QOTD: Trucking Great Nineties Design in Europe?

Corey Lewis
by Corey Lewis
qotd trucking great nineties design in europe

In the Wednesday QOTD last week, we began our considerations of the truck and SUV models from the nineties which aged most gracefully. American offerings were the first up for discussion, and the majority of you chimed in to agree with my assessment of the GMT 400 trucks as some of the best-aged designs. There were so many great GMT variations from which to choose!

Today we move on to Europe, which may be more challenging.

Unlike the truck and SUV craving North American market, Europeans didn’t (perhaps don’t) feel quite the same animal magnetism. We may have to dig into the realm of the forgotten today to find some stylish winners. Let’s refresh on the rules:

  1. All selections must be model years 1990 to 1999.
  2. Picks must be from a European manufacturer, even if sourced from an import (eg. Opel Monterey).
  3. The only eligible body styles are trucks and SUVs.

Though your author will likely never own one, the gracefully aging European SUV below comes to mind readily.

It’s the charmingly blocky Land Rover Discovery II. The first Discovery model stormed the European market in 1990, as Land Rover’s first family friendly SUV. It had seating for seven people, and was much less agricultural than the Defender. Discovery was also considerably more affordable than the luxurious Range Rover, but offered some of the same brand prestige for people in the Midlands or wherever. The Rover Group drove profits by enforcing cost saving measures like switches from the Rover Maestro and Montego. In 1994, the first Discovery made its way into eager North American hands, and shortly afterward returned to dealer service bays.

1998 saw the introduction of the Discovery II. Wearing very similar sheet metal to the original, all body panels were redesigned except the skin of the rear door. Utility declined slightly with greater overhangs, but luxury increased over the outgoing version. 2003 saw a visual facelift, with more modern looking front and rear clips, the former of which tracked closer to the new Range Rover. Discovery II lasted through the 2004 model year before its replacement by the filing cabinet chic LR3. The II is odd enough to look great, even today.

Time for your Euro truck and SUV style selections.

[Images: Land Rover; Opel]

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6 of 34 comments
  • Jeff S Jeff S on Jun 19, 2019

    The picture above of the Opel looks a lot like an Isuzu Trooper from the late 90s.

    • See 3 previous
    • Corey Lewis Corey Lewis on Jun 25, 2019

      @Guitar man "The Isuzu Trooper is a rebadged Vauxhall Frontera with an Isuzu engine, made in Japan. The bodyshell was designed by Opel." Sorry, no.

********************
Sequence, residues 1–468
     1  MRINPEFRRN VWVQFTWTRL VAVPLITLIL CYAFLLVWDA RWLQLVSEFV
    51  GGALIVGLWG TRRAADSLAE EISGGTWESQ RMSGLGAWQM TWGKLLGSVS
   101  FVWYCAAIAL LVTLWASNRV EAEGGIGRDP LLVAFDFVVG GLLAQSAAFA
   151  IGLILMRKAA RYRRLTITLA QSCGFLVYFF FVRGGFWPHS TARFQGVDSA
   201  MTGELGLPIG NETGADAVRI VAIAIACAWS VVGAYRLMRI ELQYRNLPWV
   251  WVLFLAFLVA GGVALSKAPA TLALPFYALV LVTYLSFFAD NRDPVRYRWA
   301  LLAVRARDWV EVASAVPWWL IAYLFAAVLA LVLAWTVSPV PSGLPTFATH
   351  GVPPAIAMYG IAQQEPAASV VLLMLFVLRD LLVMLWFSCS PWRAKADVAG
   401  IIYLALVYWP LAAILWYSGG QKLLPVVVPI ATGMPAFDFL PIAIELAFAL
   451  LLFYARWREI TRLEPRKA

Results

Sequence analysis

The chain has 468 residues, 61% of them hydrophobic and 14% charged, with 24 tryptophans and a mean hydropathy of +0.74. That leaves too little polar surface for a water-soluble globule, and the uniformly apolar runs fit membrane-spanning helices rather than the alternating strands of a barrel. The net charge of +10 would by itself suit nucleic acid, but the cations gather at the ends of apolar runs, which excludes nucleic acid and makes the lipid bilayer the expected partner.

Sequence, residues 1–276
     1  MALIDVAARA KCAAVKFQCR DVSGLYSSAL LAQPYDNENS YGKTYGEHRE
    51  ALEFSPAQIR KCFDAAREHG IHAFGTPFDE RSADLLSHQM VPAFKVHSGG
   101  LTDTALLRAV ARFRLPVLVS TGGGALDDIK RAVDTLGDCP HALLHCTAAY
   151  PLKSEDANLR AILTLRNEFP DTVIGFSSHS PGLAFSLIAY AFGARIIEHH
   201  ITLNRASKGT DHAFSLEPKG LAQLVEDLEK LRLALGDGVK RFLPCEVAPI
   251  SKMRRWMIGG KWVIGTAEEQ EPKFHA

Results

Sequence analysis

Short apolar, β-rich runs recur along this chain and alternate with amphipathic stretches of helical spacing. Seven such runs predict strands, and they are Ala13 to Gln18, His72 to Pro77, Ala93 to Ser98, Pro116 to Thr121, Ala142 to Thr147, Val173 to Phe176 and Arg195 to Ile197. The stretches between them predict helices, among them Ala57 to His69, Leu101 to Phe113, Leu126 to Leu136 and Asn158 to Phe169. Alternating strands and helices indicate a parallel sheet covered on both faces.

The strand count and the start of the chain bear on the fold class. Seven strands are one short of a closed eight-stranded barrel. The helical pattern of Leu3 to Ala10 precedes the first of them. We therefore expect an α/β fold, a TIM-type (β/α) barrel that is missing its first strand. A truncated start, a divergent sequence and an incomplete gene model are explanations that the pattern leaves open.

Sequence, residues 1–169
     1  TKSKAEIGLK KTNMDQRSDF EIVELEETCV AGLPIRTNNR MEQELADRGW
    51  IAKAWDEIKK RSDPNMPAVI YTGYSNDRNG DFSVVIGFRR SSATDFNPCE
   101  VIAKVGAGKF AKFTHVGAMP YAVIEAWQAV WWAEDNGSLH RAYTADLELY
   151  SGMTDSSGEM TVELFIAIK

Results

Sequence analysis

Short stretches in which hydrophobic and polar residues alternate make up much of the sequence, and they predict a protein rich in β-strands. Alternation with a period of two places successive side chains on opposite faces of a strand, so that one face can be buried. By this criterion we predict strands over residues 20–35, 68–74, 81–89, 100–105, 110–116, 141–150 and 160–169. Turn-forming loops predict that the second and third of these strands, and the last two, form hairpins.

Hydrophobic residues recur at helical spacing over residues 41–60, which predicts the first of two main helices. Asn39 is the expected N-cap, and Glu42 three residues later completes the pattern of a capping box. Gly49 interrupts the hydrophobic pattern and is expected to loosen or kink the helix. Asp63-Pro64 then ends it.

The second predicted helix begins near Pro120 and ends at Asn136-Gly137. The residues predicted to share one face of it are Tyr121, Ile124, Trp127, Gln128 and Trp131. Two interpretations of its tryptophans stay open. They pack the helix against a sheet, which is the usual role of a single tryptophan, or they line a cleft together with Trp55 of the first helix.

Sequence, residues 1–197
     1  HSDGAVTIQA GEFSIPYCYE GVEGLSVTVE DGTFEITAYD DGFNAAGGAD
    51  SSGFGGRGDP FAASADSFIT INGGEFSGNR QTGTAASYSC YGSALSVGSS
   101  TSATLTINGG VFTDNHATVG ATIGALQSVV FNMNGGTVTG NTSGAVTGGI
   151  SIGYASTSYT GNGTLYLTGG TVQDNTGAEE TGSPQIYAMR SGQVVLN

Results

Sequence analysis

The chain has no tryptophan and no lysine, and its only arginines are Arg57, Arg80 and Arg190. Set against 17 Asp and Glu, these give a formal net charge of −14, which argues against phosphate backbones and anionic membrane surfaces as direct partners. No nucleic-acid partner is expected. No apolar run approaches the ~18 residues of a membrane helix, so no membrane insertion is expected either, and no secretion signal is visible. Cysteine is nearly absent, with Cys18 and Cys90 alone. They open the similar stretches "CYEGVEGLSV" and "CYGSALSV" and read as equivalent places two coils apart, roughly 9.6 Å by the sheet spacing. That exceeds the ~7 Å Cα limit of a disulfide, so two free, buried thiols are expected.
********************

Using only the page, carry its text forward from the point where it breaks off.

• Tankinbeans Tankinbeans on Jun 20, 2019

    I honestly can't think of any 1990s SUVs out of Europe, aside from the Mercedes trucklet that they used in Jurassic Park 2. That's the only one I've ever seen. There's a G-Wagen running around here, but I think it's too new. Otherwise, that would probably be my pick.

  • Art Vandelay Best? PCH from Ventura to somewhere near Lompoc. Most Famous? Route Irish
  • GT Ross The black wheel fad cannot die soon enough for me.
  • Brett Woods My 4-Runner had a manual with the 4-cylinder. It was acceptable but not really fun. I have thought before that auto with a six cylinder would have been smoother, more comfortable, and need less maintenance. Ditto my 4 banger manual Japanese pick-up. Nowhere near as nice as a GM with auto and six cylinders that I tried a bit later. Drove with a U.S. buddy who got one of the first C8s. He said he didn't even consider a manual. There was an article about how fewer than ten percent of buyers optioned a manual in the U.S. when they were available. Visited my English cousin who lived in a hilly suburb and she had a manual Range Rover and said she never even considered an automatic. That's culture for you.  Miata, Boxster, Mustang, Corvette and Camaro; I only want manual but I can see both sides of the argument for a Mustang, Camaro or Challenger. Once you get past a certain size and weight, cruising with automatic is a better dynamic. A dual clutch automatic is smoother, faster, probably more reliable, and still allows you to select and hold a gear. When you get these vehicles with a high performance envelope, dual-clutch automatic is what brings home the numbers. 
  • ToolGuy 2019 had better comments than 2023 😉
  • Inside Looking Out In June 1973, Leonid Brezhnev arrived in Washington for his second summit meeting with President Richard Nixon. Knowing of the Soviet leader’s fondness for luxury automobiles, Nixon gave him a shiny Lincoln Continental. Brezhnev was delighted with the present and insisted on taking a spin around Camp David, speeding through turns while the president nervously asked him to slow down. https://academic.oup.com/dh/article-abstract/42/4/548/5063004